A return of foreign investors is bolstering the market, where the benchmark S&P BSE Sensex Index rose to an all-time high on Friday as risk assets rejoiced over a softer US inflation print. An unprecedented retail investing boom, strong domestic demand that’s enabled one of the world’s fastest growth rates and political stability are also tailwinds that have helped India decouple from other emerging markets.
“Amid the noise of markets around the world today, India is sending the right signals,” said Vikas Pershad, a fund manager for Asian equities at M&G Investments (Singapore) Pte. “There remains much to like about the opportunity set in India, whether judged in absolute or relative terms. The probability that we see of continued outperformance is high.”
MSCI India gauge set to beat its global peer by the most since 2014
Up 6.1% this year, the Sensex is on course for a seventh straight annual advance. Its gain is the biggest among benchmarks in countries that have stock markets valued at at least $1 trillion, and compares with a loss of 23% in the MSCI Emerging Markets Index. The MSCI All-Country World Index is down 18% in 2022.
While local retail money helped cushion the Indian market earlier in the year amid a record foreign exodus sparked by the Federal Reserve’s aggressive rate hikes, stocks have gone from strength to strength since this year’s lows in June as overseas buyers slowly returned. Robust earnings for the latest quarter have also boosted investors’ faith in the economic recovery.
India recently overtook the UK to become the world’s fifth largest economy. Gross domestic product is forecast to expand 7.0% in fiscal year 2023, according to a recent Bloomberg News survey.
India has also been a beneficiary of this year’s relentless plunge in China that has spooked global funds. While they sold Chinese equities in October, Indian shares witnessed an inflow. Overall, foreigners have bought a net $2.5 billion of Indian stocks so far this quarter after scooping up $6 billion in the previous three months.
“From an asset allocation perspective, we see India equities as a diversifier for China reopening risks,” said Ray Sharma-Ong, investment director of multi-asset solutions at abrdn plc. “We see Indian equities staying fairly resilient in the current environment.
Trends in flows — both foreign and local retail money — and investor response to further policy tightening by the Reserve Bank of India could be key to the outlook for stocks.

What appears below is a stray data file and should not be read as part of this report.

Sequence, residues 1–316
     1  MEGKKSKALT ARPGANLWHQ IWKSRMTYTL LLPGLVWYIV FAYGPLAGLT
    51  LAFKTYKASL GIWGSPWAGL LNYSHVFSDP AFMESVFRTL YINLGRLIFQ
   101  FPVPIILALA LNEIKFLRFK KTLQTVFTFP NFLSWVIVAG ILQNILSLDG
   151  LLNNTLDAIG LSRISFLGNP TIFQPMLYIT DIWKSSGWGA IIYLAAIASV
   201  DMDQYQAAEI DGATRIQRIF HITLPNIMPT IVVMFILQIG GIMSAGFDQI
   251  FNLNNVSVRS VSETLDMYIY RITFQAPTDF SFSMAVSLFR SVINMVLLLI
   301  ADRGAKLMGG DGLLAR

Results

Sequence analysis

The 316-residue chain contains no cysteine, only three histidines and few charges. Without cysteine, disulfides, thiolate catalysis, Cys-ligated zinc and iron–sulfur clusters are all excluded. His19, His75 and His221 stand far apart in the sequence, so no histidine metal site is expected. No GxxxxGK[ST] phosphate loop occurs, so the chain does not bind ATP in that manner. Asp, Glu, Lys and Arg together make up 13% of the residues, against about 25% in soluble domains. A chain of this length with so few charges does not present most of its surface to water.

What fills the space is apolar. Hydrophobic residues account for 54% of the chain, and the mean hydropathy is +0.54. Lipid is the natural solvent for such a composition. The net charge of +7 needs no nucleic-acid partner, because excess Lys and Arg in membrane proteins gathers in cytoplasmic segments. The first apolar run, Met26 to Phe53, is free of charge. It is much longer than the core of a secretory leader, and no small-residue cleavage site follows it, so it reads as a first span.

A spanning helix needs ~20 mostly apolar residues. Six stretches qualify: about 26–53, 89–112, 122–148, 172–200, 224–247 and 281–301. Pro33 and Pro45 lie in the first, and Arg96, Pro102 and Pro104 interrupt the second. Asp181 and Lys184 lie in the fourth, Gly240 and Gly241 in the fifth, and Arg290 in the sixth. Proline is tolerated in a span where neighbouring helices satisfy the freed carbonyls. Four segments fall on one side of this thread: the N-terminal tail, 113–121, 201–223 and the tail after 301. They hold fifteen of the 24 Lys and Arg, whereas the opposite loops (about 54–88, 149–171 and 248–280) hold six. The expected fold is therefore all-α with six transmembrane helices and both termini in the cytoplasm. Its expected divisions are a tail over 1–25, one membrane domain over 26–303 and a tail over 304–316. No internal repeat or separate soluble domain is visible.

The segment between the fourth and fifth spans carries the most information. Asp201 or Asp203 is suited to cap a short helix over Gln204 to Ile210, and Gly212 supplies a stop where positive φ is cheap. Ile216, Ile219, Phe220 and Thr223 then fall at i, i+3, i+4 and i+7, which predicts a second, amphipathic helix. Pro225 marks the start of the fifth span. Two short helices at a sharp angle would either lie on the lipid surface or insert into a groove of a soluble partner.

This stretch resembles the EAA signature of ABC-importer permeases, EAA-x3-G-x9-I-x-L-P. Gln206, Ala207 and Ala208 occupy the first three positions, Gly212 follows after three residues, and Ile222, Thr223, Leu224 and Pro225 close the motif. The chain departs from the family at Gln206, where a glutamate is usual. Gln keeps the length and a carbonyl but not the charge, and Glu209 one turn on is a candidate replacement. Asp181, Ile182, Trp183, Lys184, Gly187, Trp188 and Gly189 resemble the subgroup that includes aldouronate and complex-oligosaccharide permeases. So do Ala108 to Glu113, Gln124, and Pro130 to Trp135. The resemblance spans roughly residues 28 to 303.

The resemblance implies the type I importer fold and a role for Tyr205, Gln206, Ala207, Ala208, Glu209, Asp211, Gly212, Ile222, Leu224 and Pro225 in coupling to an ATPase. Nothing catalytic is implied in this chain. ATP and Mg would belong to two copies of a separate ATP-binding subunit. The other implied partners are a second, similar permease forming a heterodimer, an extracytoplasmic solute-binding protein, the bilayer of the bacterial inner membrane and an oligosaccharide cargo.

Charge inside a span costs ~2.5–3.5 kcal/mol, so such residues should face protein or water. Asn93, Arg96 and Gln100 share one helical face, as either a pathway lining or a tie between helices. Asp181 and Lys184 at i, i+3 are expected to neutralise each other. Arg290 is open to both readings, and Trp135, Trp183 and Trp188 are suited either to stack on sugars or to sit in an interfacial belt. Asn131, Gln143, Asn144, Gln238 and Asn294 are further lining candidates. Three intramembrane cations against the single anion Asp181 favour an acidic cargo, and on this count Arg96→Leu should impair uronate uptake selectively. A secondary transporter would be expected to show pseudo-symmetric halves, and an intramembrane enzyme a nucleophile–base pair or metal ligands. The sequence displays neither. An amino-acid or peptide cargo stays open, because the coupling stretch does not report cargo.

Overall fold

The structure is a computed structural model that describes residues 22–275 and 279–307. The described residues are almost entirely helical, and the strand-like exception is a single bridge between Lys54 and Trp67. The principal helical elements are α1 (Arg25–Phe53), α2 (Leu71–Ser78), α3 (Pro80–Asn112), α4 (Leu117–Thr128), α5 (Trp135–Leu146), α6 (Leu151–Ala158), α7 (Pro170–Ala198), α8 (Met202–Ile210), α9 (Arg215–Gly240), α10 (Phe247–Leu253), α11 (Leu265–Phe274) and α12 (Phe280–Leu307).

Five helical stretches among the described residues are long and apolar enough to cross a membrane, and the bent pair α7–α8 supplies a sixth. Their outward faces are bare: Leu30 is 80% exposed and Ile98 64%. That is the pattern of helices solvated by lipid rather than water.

Meanwhile, China’s beaten-down market is staging a sharp rebound in November as signs emerge that authorities are shifting away from the strict Covid Zero policy. The rally extended on Monday, with property names surging as the nation plans its most sweeping rescue package for the sector.
Given that Covid controls and the property crisis have been the biggest sore points for investors, the steps by authorities could spur a rush among funds to pile into Chinese assets, impacting demand for Indian ones.
“Strengthening of oil prices also poses a key risk,” said Sat Duhra, a Singapore-based fund manager at Janus Henderson Investors. India imports nearly three-fourths of its oil, making it one of the most vulnerable in Asia to higher prices. “In the face of rising external risks, it is difficult to see India continuing this level of valuation premium.”
Still, many long-term market watchers say India’s market performance will be aided by underlying fundamentals such as favorable demographics that are at the heart of its domestic-driven economy.
Government incentives are also attracting foreign companies, including iPhone manufacturers, to set up plants in India, boosting local output and luring foreign investment.
“Given all the problems we see in markets globally, India is a safe haven,” said Tushar Pradhan, chief investment officer at HSBC Asset Management India. India’s per capita income is set to rise to a higher trajectory, and “When you hit that sort of range, which happened to China 20 years ago, the next 10-20 years is a period of significant income growth.”
Morgan Stanley expects India’s GDP to more than double to over $7.5 trillion by 2031 and its equity market capitalization to grow by over 11% annually to $10 trillion, according to a report last month.
Local investors plowed about $1.1 billion into stock funds in October, marking a 20th straight month of net inflows.
“In all the years that I have been watching the Indian equity market, I have never seen such strong domestic confidence in the economy, in markets in such challenging global conditions,” said Gary Dugan, chief executive officer of the Global CIO Office. “The market’s improved performance is built on structural change and government delivery of its broad promises. We expect the good news to continue to flow.”